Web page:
What we can find in northern Aichi Prefecture is a castle-town which didn’t suffer any raid during World War Two: here’s Inuyama!
Inuyama is close to Nagoya, therefore it represents a suggested spot for a day-trip.
What’s special about Inuyama?
Inuyama Castle is this little town’s pride: designated as National Treasure, it was built in the Muromachi period, in 1537.
The castle keeps its original wooden structure and it is famous for being the oldest fortress of Japan: its 19 meters-high main tower takes place on the top of a small hill, offering a wonderful view! From its 4th floor you can see the Kiso River.
On the other side, the panorama opens on what today is Mino-no-kuni, in Gifu Prefecture. On clear days you can see Gifu, Nagoya and Komaki castles from here!
Many objects are exposed in the lower floors, while the sorrounding area is scattered with several traditional buildings, together with many tourist facilities.
Uraku-en is a Japanese garden which takes place close to the castle. This garden, especially beautiful during the autumn, hosts a tea house called Jo-an, built by Oda Nobunaga’s brother, Oda Uraku in 1618.
The tea house was moved here from Kyōto in 1972. It is a private building opened to the public once a month.
Inuyama is famous also for its Karakuri dolls, developed during the Edo period. These dolls can be moved in several ways thanks to ropes and strings.
They were used in Nō and Kabuki plays, together in domestic contexts as “tea-holders”.
They can be seen in some plays nowadays too!
The “tea-holder doll” transported on the “Dashi” cars during the Inuyama-Matsuri is hosted in the Karakuri Exposition Hall.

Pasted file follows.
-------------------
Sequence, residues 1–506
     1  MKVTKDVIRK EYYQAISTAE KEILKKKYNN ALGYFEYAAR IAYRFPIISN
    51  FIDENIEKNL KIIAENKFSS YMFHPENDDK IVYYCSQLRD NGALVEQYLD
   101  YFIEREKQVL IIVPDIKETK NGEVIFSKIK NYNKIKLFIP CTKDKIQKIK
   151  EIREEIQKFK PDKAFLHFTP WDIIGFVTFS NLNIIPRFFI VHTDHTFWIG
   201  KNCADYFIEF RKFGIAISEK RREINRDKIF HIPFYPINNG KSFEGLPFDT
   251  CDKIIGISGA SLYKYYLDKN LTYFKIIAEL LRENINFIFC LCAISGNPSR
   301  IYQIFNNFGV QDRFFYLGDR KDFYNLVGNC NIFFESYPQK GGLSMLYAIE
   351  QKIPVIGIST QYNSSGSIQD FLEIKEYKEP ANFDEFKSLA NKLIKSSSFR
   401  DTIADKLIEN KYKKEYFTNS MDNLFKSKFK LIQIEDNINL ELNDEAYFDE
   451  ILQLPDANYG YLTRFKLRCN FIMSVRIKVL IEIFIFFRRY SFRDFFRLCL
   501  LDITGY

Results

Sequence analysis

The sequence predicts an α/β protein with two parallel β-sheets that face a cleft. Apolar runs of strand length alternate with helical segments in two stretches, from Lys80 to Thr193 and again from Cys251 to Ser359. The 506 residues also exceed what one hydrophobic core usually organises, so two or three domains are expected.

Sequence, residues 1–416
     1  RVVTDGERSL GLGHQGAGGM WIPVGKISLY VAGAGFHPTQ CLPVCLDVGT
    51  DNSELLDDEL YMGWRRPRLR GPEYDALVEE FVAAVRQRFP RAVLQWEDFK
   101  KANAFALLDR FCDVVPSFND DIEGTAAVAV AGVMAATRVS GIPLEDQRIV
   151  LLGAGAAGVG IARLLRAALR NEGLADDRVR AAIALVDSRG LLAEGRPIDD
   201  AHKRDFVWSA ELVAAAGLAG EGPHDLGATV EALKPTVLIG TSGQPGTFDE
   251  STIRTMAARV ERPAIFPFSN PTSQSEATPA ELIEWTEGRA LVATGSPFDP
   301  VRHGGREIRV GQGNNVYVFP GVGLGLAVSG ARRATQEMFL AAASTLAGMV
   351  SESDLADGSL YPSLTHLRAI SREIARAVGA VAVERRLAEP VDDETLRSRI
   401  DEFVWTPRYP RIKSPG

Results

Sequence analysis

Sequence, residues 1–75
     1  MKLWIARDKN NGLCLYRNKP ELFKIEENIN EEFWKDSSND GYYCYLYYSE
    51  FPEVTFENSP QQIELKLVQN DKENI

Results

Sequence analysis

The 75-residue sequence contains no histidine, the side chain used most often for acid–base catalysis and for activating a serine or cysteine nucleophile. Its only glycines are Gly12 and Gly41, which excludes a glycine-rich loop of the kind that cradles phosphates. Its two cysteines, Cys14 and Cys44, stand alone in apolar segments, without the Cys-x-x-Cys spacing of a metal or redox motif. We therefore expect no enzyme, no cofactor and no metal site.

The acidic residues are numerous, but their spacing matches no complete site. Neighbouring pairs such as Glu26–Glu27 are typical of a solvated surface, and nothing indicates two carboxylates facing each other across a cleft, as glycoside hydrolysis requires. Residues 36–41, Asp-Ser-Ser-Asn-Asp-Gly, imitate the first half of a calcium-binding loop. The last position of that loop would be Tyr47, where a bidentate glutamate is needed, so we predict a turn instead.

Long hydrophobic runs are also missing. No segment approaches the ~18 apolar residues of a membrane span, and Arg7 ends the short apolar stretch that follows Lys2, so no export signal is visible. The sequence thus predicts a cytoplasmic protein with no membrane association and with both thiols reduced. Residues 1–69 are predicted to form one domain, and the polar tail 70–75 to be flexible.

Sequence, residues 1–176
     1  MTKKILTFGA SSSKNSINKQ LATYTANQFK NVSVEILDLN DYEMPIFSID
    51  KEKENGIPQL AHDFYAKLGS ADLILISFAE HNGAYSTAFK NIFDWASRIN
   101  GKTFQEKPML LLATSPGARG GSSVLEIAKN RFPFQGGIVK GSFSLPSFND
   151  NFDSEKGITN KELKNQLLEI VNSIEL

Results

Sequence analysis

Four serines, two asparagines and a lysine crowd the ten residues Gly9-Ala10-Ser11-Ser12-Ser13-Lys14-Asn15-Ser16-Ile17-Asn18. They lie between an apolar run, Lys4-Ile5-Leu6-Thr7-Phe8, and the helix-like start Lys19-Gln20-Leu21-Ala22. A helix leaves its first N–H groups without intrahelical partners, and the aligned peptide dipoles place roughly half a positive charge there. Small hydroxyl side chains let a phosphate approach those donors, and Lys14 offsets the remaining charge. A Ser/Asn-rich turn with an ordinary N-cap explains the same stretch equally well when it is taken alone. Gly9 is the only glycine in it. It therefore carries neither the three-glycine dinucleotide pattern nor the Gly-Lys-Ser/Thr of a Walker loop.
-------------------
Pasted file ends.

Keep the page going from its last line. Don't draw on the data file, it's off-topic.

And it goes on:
How to get to Inuyama
From Nagoya there are many ways to get to Inuyama, in the northern part of Aichi Prefecture.
Nagoya is quickly reachable from Tōkyō or Ōsaka by Shinkansen.
From here you have to enter the underground station of Meitetsu-Nagoya Station, and take a Meitetsu-Gifu bound train, getting off at Inuyama-Yūen Station.
My impression of Inuyama
I visited Inuyama in the end of December, when the whole area was covered with snow. I started walking towards the castle-town from the station.
Here the display cases containing the Yama cars and the building’s structure made of white walls and wooden poles made me feel the history of this place.
I kept strolling with some snacks in my hand along several shops where gorgeous objects and traditional handcrafts were being sold.
By the fortress area entrance the Sankō-Inari Shrine takes place.
Also known as Sarutahiko-jinja, this shrine plenty with history stands at the feet of the hill where Inuyama castle lays.
The contrast between its red toriis and the snow was breathtaking.
The castle’s wooden insides host many objects. The main tower’s 4th floor is wide and you can also walk on the balcony.
The landscape I could behold from here was amazing! The slow stream of Kiso River and the mountains covered with snow created a relaxing atmosphere.
During this visit I couldn’t see the Uraku-en, but I will surely see it next time!
Also, Inuyama hosts Meiji-mura, a theme park where one can learn about the Meiji Restoration and the impact of foreign cultures on Japan.
It would be interesting to see Meiji-mura, so I will visit it together with the Enraku garden in the future!